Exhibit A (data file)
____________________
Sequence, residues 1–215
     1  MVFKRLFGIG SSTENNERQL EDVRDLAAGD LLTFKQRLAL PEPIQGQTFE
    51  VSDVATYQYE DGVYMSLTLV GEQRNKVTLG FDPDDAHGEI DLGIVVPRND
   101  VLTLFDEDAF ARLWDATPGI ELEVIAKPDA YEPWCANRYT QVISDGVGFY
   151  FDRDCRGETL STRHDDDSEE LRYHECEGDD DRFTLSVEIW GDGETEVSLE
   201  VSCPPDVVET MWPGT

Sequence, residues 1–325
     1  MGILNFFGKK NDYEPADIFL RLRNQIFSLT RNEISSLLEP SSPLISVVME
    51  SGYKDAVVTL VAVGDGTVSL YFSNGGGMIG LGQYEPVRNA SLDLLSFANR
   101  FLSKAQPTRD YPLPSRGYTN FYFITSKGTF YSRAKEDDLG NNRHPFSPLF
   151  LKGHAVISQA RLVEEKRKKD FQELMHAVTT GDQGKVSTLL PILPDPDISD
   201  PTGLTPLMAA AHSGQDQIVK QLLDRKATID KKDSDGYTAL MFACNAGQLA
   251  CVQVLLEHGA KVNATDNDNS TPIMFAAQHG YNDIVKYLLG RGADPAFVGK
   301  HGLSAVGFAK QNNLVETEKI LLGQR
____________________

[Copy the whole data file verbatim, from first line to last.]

Sequence, residues 1–215
     1  MVFKRLFGIG SSTENNERQL EDVRDLAAGD LLTFKQRLAL PEPIQGQTFE
    51  VSDVATYQYE DGVYMSLTLV GEQRNKVTLG FDPDDAHGEI DLGIVVPRND
   101  VLTLFDEDAF ARLWDATPGI ELEVIAKPDA YEPWCANRYT QVISDGVGFY
   151  FDRDCRGETL STRHDDDSEE LRYHECEGDD DRFTLSVEIW GDGETEVSLE
   201  VSCPPDVVET MWPGT

Sequence, residues 1–325
     1  MGILNFFGKK NDYEPADIFL RLRNQIFSLT RNEISSLLEP SSPLISVVME
    51  SGYKDAVVTL VAVGDGTVSL YFSNGGGMIG LGQYEPVRNA SLDLLSFANR
   101  FLSKAQPTRD YPLPSRGYTN FYFITSKGTF YSRAKEDDLG NNRHPFSPLF
   151  LKGHAVISQA RLVEEKRKKD FQELMHAVTT GDQGKVSTLL PILPDPDISD
   201  PTGLTPLMAA AHSGQDQIVK QLLDRKATID KKDSDGYTAL MFACNAGQLA
   251  CVQVLLEHGA KVNATDNDNS TPIMFAAQHG YNDIVKYLLG RGADPAFVGK
   301  HGLSAVGFAK QNNLVETEKI LLGQR